Royal Commission appointed to inquire into the municipal corporations in Ireland: first report

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oleasure by the chief magistrate of every city By nvor sheriffs, commons, and citizens of Dublin in c< 

the 10 Geo. 
9, s. 
22, the lord common council assembled were em-ered from time to time to appoint one or more weighmaster or weighmasters for the ^ to execute the office in person or by deputy. 
This Act was also temporary, but was ntinued in force from time to time until repealed as to butter, with several other Acts latins; to the butter trade, by the 52 Geo. 
Ill c. 
134, the 2d section of which gives the power of appointment of weighmasters in Dublin to the chief magistrate and aldermen. 
The 4th section makes them removeable for misbehaviour, by the mayor, aldermen, and common council. 

# , . 
These officers are appointed during good behaviour, and in practice the appointment appears to be made by the lord mayor, aldermen, and commons, in the usual mode of appointing city officers. 
TheWeio hmaster of the Green 1 lido Crane is an officer first created by the Irish statute Wtighmaster of the 8 Geo I. 
11, to bo appointed by the lord mayor. 
This was a temporary Act, and Green Hide Crane. 
by the 10 Geo. 
9, s. 
23, was to continue in force during the continuance of that Act. 
The 10 Geo. 
c 9, was successively continued by subsequent statutes to the 29th September, 1812, and to the end of the then next session of parliament. 
The 8 Geo. 
7, was expressly continued by the 39 Geo. 
bl, (which received the Royal assent June 1st, 1799,) for the term of twenty-one years, and from thence to the end of the then next session of parliament. 
We do not find that the Act has been further continued, but the office and establishment are kept up.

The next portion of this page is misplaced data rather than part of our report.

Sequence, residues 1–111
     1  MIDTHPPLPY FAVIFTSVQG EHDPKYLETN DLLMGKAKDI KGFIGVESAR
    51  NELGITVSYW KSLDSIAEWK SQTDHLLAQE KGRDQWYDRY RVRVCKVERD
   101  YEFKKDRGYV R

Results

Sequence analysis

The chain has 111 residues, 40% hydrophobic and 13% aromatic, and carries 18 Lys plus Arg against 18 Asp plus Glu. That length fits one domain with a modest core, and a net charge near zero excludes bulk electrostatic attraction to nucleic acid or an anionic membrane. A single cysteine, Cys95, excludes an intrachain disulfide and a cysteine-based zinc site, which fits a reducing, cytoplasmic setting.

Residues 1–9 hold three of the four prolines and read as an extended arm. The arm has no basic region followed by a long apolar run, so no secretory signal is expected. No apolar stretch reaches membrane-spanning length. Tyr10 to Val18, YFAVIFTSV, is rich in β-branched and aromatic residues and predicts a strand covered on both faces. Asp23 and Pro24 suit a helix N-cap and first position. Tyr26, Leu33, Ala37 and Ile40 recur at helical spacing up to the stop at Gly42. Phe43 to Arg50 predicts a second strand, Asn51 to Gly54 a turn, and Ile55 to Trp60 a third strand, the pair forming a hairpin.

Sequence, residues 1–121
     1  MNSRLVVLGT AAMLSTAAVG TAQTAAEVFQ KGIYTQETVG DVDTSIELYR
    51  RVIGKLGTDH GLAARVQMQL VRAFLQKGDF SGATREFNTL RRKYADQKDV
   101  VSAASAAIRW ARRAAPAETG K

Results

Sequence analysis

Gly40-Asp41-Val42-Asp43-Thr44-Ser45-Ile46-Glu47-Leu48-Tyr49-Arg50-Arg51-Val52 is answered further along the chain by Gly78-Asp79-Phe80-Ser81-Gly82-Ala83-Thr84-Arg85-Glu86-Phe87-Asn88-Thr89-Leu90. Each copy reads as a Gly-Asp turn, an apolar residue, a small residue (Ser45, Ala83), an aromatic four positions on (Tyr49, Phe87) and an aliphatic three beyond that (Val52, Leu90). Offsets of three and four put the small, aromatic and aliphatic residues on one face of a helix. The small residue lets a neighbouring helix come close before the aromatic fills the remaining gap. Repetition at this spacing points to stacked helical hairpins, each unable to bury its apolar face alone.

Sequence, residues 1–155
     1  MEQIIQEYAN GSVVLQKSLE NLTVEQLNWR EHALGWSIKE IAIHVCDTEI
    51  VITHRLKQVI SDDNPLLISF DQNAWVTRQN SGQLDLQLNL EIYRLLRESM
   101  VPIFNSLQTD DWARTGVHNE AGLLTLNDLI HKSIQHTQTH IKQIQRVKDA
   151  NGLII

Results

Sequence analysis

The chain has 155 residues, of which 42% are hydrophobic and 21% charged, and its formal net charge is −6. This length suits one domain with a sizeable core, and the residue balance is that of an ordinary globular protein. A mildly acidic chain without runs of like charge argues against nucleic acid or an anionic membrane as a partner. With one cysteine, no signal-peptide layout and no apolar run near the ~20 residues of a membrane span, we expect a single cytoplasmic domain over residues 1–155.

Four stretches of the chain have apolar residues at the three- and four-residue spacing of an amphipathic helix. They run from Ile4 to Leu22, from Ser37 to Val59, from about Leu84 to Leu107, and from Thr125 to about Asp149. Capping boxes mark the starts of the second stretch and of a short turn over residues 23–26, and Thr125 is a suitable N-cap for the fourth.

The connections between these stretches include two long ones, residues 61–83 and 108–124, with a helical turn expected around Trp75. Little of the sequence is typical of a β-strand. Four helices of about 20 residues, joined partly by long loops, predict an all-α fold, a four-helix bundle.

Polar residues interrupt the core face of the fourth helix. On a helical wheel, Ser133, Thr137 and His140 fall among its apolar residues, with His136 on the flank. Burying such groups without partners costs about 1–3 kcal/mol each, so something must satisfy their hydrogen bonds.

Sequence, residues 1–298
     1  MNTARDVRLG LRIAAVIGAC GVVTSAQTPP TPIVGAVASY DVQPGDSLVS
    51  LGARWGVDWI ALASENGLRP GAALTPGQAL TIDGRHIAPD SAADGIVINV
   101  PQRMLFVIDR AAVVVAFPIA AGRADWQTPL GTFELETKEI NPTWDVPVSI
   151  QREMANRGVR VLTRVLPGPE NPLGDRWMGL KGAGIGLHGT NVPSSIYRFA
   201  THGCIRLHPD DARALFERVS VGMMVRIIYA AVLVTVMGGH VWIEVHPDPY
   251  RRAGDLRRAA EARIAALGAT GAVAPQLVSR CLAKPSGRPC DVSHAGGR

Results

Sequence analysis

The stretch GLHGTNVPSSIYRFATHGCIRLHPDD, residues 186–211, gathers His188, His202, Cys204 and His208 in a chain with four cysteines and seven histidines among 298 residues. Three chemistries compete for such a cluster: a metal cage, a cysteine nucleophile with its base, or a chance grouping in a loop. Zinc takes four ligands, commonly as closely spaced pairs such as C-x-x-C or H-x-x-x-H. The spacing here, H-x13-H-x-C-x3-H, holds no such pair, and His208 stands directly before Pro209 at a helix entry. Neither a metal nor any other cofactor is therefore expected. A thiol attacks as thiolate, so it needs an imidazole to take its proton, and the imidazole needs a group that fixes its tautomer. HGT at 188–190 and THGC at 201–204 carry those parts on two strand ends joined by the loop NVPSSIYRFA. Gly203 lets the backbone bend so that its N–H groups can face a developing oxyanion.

The present weighmaster stated to us that he was appointed in 1819, being then a member of the common council; that he was appointed by the corporation on the conditions that he should perform the duties of weigh¬ master at the crane, and take a lease of the premises where the 'crane is situate, at a rent of 100/. 
per annum; that his predecessor paid but 40/. 
a-year, and that one of the candi¬ dates for the office, also a member of the common council, offered a rent of 200/. 
; that he was sworn into office before the lord mayor, and did not pay any fee on his appointment, but paid 15/. 
to the town-clerks for the lease. 
The Masters of the Works are the sheriffs of the preceding year. 

Masters ofWorks. 
The other Officers connected with the Pipe-Water Establishment are elected by the Officers of the Pipe-lord mayor, aldermen, and commons, in the course described as used on the election of Water Establish-the recorder, marshal, &c. 
Every Election by the common council, whether annual or otherwise, is made on a Forms of Election, petition or beseech to the council from the individual, seeking to obtain, or be continued in the office.